[100 Emerging Women Leaders] How this mother decided to help solve for the diaper rash problem with D2C babycare brand SuperBottoms

In this week’s 100 Emerging Women Leaders, we feature Pallavi Utagi, the founder of D2C babycare brand SuperBottoms. SuperBottoms is an online-first sustainable brand of reusable cloth diapers and baby products. It has now joined United Nations Environment Programme’s Tide Turners.

Monday August 30, 2021,

4 min Read

Like any new mother, Pallavi Utagi was worried about one thing - dealing with her new-born’s diaper rash. Her son, born in late 2013, was developing frequent rashes as a reaction to regular disposable diapers.

“We tried different products and even thought of using cloth diapers as they are better on the baby’s skin. However, those are inconvenient and difficult to manage. This every-day issue got my husband and I wondering what to do,” says Pallavi in a conversation with HerStory. 

Cloth diapers have been used for years, but the problem with these are they need constant monitoring, she opines. “I brought different forms of diapers from different parts of the countries, and some of the brands in the West were great but were simply unsuitable for Indian babies in this climate,” adds Pallavi.

Pallavi Utagi Superbottoms

Superbottoms Founder Pallavi Utagi with son Kabir

An MBA from Jamnalal Bajaj Institute of Management Studies, Pallavi has a background in the Pharma industry. She has worked with the likes of Piramal Healthcare and Strides Arcolab. She had taken a break from work during her maternity. 

“It was then that I thought to use my expertise and understanding of the pharma industry and make unique Indian cloth diapers. Apart from working on my own and building from my experience, I spoke to friends and family and understood the different needs and requirements that mothers have,” says Pallavi. 

After speaking to many vendors, she started tying up with vendors across the globe for different kinds of fabric. The idea was to create fabrics with unique, fun and quirky designs as that is what most Indian parents wanted. 

The moms who built SuperBottoms 

“Needless to say, I tested every product on my son and shared a few with my friends for their babies. My home and my room had turned into a warehouse of sorts for a while. Only once we were sure of it did we establish the brand and the product,” says Pallavi. 

In April this year, the startup year raised $2 million in Series A funding from Saama Capital and DSG Consumer Partners.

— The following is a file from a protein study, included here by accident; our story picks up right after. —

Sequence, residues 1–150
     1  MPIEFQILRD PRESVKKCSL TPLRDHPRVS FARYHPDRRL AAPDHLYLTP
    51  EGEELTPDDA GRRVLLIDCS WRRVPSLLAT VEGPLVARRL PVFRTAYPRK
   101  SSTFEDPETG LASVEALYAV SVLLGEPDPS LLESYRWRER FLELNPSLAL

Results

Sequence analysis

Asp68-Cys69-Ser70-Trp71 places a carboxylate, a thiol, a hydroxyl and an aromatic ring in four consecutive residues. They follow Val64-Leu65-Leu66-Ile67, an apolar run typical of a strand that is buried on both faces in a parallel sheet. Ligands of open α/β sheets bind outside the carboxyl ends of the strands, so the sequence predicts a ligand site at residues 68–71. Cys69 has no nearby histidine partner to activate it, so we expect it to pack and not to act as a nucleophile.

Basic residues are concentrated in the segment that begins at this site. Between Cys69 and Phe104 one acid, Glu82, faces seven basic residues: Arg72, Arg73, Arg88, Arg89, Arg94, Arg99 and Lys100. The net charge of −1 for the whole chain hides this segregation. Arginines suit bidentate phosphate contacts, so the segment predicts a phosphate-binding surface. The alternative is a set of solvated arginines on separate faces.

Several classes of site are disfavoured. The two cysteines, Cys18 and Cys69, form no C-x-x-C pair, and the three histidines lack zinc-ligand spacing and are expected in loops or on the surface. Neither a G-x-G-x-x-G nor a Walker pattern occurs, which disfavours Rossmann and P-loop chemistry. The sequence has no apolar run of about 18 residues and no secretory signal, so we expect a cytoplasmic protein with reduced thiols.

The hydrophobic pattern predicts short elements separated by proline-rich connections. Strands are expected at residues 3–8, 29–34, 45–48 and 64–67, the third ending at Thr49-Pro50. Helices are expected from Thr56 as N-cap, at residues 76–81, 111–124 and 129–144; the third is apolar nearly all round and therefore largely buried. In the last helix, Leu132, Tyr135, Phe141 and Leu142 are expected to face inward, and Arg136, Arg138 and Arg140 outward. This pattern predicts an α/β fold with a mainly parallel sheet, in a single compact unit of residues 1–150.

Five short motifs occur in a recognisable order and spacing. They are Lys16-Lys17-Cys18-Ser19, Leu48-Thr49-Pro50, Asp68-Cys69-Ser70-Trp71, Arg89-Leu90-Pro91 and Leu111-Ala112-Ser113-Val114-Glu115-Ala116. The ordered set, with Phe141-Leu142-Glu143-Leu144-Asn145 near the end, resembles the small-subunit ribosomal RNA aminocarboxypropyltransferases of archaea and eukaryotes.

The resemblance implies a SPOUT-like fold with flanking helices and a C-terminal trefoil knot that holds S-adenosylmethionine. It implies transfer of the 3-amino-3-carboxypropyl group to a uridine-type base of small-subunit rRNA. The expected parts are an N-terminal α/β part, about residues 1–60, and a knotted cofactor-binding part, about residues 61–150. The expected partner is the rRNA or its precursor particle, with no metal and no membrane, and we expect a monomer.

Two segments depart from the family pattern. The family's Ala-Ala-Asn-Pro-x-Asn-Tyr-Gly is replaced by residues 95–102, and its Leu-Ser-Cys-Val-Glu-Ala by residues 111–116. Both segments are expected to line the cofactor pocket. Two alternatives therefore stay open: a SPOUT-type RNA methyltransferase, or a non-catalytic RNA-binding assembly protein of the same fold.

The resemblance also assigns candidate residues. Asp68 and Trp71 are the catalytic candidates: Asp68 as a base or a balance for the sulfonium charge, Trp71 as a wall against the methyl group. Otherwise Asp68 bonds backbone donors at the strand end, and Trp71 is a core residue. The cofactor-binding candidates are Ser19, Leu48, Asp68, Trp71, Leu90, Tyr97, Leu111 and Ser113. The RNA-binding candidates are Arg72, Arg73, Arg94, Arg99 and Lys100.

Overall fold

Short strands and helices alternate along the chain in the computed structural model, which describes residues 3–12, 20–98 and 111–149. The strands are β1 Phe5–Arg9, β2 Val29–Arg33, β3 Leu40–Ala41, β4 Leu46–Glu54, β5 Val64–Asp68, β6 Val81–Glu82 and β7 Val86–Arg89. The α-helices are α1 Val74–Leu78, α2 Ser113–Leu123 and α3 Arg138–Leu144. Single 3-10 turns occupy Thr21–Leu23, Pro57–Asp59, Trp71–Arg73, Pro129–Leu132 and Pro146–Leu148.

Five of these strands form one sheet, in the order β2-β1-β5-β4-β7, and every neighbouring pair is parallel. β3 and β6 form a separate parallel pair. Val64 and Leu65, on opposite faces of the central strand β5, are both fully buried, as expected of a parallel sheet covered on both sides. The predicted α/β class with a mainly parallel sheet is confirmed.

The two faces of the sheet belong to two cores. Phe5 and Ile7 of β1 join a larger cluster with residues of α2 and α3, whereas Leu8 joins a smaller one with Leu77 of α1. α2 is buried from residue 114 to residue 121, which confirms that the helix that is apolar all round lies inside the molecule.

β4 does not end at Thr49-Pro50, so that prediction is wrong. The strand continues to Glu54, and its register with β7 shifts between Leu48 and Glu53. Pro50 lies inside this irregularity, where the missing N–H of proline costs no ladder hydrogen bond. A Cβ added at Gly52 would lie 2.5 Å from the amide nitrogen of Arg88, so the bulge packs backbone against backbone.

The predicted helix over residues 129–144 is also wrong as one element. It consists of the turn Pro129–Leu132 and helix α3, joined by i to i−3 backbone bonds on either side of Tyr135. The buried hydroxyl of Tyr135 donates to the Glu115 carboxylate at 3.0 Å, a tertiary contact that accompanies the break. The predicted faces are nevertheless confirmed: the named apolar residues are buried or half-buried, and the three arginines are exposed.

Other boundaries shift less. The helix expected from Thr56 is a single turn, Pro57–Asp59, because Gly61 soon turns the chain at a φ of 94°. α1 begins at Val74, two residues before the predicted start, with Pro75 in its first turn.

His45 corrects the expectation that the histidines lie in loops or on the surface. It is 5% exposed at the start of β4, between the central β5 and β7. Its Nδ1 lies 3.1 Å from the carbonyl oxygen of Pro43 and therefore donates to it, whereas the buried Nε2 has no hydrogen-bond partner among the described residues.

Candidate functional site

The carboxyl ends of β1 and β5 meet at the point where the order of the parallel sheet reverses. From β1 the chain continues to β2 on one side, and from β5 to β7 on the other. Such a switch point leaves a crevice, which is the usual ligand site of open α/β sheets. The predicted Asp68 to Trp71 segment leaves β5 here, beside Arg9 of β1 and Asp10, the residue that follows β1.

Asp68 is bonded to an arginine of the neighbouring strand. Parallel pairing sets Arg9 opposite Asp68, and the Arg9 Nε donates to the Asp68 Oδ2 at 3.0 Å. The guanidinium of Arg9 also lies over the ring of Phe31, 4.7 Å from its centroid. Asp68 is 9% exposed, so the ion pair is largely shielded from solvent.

“In the initial days when we were bootstrapped, I knew I had to pick a frugal team. I was in constant touch with other mothers, so I wondered, why not get mothers to build the brand and the product?” recalls Pallavi. 

She adds that many women who were exceptionally good at their jobs and who had taken a break due to motherhood, just weren’t finding the right kind of jobs after their break. 

“One of the top digital marketing experts wanted to work and we gave her the option. She still is a part of SuperBottoms. The problem with most jobs is the timings. Being a mother, I understood the need for flexible timings. Way before it became popular during the pandemic, I had ensured that women could work at whatever time they could, and work remotely anytime during the day or even night for that matter,” adds Pallavi. 

With its products tested and certified under the Consumer Product Safety Improvement Act, 2008 (CPSIA) of the US, SuperBottoms now sells 30,000+ diapers each month primarily through its own website and also other leading ecommerce platforms. 

According to the IMARC Group, the diaper market in India touched $1.25 billion in 2021. Some of the other brands are Naya, Lalubaby, Bumgenius and others apart from the regulars like Pampers, Mamy Poko Pants, and Huggies. 

Advising all women entrepreneurs, Pallavi says, “Just don’t listen to the naysayers. It is important to take feedback and advice, but if you believe an idea is good and needs to be worked on, just go for it. I had many people advise me not to go ahead, they even advised me to startup with my husband. Many assumed this would just be a hobby. My advise is, keep doing whatever you are doing with conviction,” Pallavi concludes. 

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Edited by Anju Narayanan